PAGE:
Mexico PollutionWater and air pollution has always existed, but since the industrial revolution in England in the late seventeenth century it became a critical issue affecting the health and quality of life of many citizens, which not only affected England, but spread worldwide to America in the late nineteenth century.

During the decade of the sixties in Mexico the water and air pollution led to a poor quality of life, due to the very bad quality of air in the Valley of Mexico, and the diminishing quantity of aquifers due to pollution of rivers. The underground reserves of aquifers have been utilized and the Valley of Mexico has been sinking up to 30 centimeters per year due to the pollution coming from factories, which results in pollutants being dispersed in the seas and rivers, and also this has caused rivers to be dried out.

The air pollution in Mexico is mainly due to the burning of fossil fuels, especially coal. The growth of cities, which has brought an increase of cars and intense industrial activities, has also led to water pollution due to chemical and petroleum waste in rivers and seas, agricultural and livestock waste and domestic waste. These cause sewage, which most frequently affects rivers, whilst mismanagement in wastewater treatment has caused a decrease in water availability in Mexico, placing Mexico in eighty-first place in water availability in the world.

In my opinion Mexico has been affected by unregulated industries and government mismanagement, due to the lack of a plan of action. I mean to say that pollutant emissions generated by factories were not controlled until the contamination became a problem and that the residual waste system, which is poorly planned, has contaminated most of the springs and rivers that supplied both towns as well as cities.

For example, in 1961 in the state of Hidalgo, specifically the village of Huejutla Hidalgo, the main river called el río Tecoluco disappeared. This was because the government gradually turned the river into a wastewater channel, a very sad fact because it was the main river serving the community.

Regarding the air pollution issue, the writer Alfonso Reyes wrote “traveler, you’ve come to the Air Is Clear” referring to the time when Cortes arrived to Tenochtitlan. Until about 50 years ago, air quality in Mexico was good, but the increased use of automobiles and industries has decreased the air quality so much so that there are days when it seems that there is fog in the city, although actually it is pollution. Due to this and the many environmental contingencies, the government has implemented different means of ecological transportation for the masses of the population. This has the purpose of reducing the pollutants emitted to the atmosphere. For example, the Mexico City metro carries approximately 5 million users each day, the metrobus system carries around 450,000 users daily, whilst more recently the use of bicycles in the Federal District has been added to help create a culture of awareness amongst the citizens of the city.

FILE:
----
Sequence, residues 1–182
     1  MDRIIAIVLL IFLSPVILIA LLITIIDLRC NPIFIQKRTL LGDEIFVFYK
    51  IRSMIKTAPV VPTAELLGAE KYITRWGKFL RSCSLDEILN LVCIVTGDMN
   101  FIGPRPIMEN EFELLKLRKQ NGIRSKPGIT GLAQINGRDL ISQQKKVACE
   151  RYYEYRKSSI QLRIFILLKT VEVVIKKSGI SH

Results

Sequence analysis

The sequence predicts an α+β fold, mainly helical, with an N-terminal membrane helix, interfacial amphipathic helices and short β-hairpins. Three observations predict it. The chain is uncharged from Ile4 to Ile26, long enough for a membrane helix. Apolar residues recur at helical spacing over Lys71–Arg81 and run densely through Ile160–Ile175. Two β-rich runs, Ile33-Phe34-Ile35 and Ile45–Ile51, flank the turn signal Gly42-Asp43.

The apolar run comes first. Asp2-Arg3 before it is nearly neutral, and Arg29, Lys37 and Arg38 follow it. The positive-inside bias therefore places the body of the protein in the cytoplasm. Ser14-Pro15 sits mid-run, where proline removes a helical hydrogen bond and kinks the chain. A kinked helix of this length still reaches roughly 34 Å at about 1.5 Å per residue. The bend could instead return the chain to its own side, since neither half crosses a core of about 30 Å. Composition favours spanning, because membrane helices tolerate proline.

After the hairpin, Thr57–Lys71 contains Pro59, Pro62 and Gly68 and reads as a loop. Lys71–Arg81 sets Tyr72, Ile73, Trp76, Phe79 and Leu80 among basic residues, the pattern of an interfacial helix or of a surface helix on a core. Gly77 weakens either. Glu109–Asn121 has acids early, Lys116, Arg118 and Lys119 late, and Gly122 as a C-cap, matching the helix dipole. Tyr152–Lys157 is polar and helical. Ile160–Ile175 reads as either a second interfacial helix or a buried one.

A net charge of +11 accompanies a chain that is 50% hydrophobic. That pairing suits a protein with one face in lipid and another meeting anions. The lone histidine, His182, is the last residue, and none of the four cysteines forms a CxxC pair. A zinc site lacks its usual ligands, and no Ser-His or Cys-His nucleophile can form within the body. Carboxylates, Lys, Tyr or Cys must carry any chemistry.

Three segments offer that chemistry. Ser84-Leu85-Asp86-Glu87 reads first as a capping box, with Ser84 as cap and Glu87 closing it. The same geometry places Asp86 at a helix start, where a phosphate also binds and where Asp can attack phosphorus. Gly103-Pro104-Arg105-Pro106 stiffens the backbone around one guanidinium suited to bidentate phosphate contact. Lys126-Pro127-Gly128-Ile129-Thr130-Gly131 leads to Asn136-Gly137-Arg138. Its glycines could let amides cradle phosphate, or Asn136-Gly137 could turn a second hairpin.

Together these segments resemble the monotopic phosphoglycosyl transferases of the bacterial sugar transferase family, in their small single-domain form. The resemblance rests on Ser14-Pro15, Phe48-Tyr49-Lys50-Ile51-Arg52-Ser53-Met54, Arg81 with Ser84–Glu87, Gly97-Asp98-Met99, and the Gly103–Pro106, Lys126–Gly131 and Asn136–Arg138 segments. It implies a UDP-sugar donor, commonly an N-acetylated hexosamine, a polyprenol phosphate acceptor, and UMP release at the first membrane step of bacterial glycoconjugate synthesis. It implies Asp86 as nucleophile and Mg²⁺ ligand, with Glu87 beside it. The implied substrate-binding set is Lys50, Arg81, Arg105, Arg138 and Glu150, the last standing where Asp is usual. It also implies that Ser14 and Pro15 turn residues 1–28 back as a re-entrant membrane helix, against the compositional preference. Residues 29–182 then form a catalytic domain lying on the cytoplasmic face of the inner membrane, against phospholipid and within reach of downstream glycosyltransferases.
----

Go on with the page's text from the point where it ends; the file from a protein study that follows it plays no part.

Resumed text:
1. The article is really interesting because it is true how the pollution has reached a break-even point in Mexico CIty and how the government´s lack of responsibility has provoked this issue to increase. I hope that an environmental law is created to avoid any type of future regrets or scenarios just like the one that is being lived in China.

  2. I liked. I like the data that you used. Also I liked your examples, and for me is really interesting you article but make me fell sad about the situation of Mexico since many years ago.

  3. I hope Mexico has learned from this mistake and is willing to invest more in environmental protection in the future. It would be really sad to see our country in a situation like this again.

Leave a Reply

Fill in your details below or click an icon to log in: Logo

You are commenting using your account. Log Out /  Change )

Google+ photo

You are commenting using your Google+ account. Log Out /  Change )

Twitter picture

You are commenting using your Twitter account. Log Out /  Change )

Facebook photo

You are commenting using your Facebook account. Log Out /  Change )


Connecting to %s